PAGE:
Will the Apple Watch & Wearables change Technology Usage?
It is hard to miss all the commentary, commercials, ads and reviews on the soon to be released Apple Watch. It got me to thinking about how much has changed over the last 15 years when it comes to how people perceive and use technology and how the Apple Watch may just signal the next shift in technology usage. Yes, we have had wearables now for some time but when Apple does something new they have proven to be able to tap into the broader market conscious and in doing so take us to new places.
The iPad just turned 5. The iPhone was released just over 8 years ago. The iPod that started it all was released in 2001. (I have one of these and my kids think it is ancient. They always ask why it does not have a touch screen)
Apple iPod Generation 1 (circa 2001)
There were no touch screens or “apps for that” in 2001. In fact the touch wheel at the time for navigation was at best quaint. It ended up helping to change the entire music industry and set the stage for Apple and others to continue to innovate on this new technology platform for years to come.
What happened over the next 15 years were some really interesting trends that may be completely changed by how the Apple Watch adds to the discussion of wearables.
Some of the big trends pushed by the iPod-> iPhone-> iPad have included
1. Increased access to technology at a entry to medium level price point. As the these devices became more powerful and open platforms developed for applications and internet access the average person had access to ever increasing information and tools. While Apple products tend to be more on the higher price points of the market they did help create opportunities for other vendors to enter at lower price points.
2. Task based applications. An “app for that” mentality has grown and is very engrained in both the consumer and enterprise market. This mentality is very much at odds with the traditional monolithic application and stack world and has created many opportunities for specialized applications and services. Even where a software vendor continues to offer a platform or stack they are forced to think about the architecture and API access that would support smaller and more mobile applications.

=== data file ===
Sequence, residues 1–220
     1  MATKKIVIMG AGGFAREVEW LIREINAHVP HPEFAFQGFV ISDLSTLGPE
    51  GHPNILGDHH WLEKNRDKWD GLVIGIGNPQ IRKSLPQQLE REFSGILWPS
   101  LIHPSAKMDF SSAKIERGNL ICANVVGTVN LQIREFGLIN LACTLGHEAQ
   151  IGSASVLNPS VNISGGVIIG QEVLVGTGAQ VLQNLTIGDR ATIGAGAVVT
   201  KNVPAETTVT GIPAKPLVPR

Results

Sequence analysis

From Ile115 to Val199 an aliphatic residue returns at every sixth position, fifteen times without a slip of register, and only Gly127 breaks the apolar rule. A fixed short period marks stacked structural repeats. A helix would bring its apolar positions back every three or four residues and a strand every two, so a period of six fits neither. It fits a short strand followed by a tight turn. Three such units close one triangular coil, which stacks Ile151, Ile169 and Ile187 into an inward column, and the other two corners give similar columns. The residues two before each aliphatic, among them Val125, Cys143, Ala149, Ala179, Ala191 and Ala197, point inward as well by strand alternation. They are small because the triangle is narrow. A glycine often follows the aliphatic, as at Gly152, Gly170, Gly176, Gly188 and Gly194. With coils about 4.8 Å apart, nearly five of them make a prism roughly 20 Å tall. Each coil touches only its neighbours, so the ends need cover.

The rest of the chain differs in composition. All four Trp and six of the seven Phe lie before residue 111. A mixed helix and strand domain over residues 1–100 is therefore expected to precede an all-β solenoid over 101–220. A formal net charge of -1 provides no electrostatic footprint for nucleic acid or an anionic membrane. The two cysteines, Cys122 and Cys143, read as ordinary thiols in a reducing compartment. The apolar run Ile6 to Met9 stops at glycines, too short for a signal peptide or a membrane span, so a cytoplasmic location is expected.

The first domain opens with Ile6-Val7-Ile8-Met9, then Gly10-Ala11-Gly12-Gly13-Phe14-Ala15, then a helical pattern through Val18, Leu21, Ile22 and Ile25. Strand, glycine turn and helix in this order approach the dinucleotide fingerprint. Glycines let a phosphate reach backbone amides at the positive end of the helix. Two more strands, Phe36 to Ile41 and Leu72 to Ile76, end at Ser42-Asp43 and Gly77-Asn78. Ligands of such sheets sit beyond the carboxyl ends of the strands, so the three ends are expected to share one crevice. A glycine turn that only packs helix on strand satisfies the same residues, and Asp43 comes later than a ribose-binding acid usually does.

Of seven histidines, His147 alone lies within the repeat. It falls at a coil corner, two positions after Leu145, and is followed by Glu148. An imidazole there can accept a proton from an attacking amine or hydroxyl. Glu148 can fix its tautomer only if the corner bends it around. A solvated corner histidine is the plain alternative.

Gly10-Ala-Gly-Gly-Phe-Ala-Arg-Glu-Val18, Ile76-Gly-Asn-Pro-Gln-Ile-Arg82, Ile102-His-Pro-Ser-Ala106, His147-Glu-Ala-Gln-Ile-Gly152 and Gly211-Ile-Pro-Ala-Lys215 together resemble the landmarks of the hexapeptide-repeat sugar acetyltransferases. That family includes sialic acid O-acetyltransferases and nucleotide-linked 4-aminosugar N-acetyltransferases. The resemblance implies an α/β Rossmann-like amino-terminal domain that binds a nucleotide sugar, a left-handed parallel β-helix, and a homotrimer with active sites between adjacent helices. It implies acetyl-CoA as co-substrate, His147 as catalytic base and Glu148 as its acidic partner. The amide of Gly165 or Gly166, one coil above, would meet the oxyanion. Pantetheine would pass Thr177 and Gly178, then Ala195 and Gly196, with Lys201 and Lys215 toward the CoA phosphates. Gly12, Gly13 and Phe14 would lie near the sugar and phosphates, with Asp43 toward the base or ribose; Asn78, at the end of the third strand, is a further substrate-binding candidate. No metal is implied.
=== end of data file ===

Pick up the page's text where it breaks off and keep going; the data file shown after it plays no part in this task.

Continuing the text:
3. Mobile first. While this is a bit of chicken and egg question it is worth giving credit to the explosion of personal devices for helping drive a mobile first approach on many consumer and enterprise solutions. Of course we also have seen a huge explosion in access to reliable (mostly) Wi-Fi access in public locations but it is reasonable to believe the user demand for access is more what has driven so many places from airports to McDonalds to offer free public Wi-Fi.
4. Social media. Really would all the Twitter, Facebook, Instagram, Snapchats and others of the world big as big as they are today without the huge increase in access from more mobile devices? Most likely the answer is no.
Ok, so why is the Apple Watch a possible shift in these usage patterns and not just the continuation?
1. Device Driven Attention Deficit Disorder (DDADD). Yes, I just made that term up but it is a real problem and we all either have it at times or we know people that suffer from this issue. Unless your actual job involves doing social media posts it is not really reasonable (or polite) to be posting away on your device every 5 minutes all night long. The watch/wearables may just provide a way for some people to strike a balance by streamlining interaction with all those applications on their larger phone or device. The review in the WSJ today really hit up on this point of the smartwatch being able to drive user efficiency by only bringing specific tasks to the watch. It is too early to tell but that sure sounds like a good thing.
2. Form and function. Just as the laptop, smartphone and tablet markets have changed the overall computer market (just ask those companies that sell desktop PCs how that is going) the smartwatch over time may do the same. This seems especially the case if the smartwatch can in some cases be a replacement to another device in addition to being used in conjunction with another device the way the Apple Watch and iPhone are used together.
3. New applications and services. These are coming and it is not easy to guess how much change is coming. In some ways the wearables market seems much harder compared to the micro-applications market but that could just be because all things new are hard to predict.
Applications by App Stores Explosion (originally appeared at app figures)4. Concerns over data and personal data. The data aspects of this are complex as we get into both usage data and personal data both of which are valuable and highly regulated. It’s hard to say how the wearables market changes things other than to put a bigger spotlight on the need for industry solutions that put the user in charge of their data.
In summary while the Apple Watch may or may not be a commercial success it seems like we could look back in 5, 10 or 15 years and see this as yet another huge shift in the way people perceive and use technology.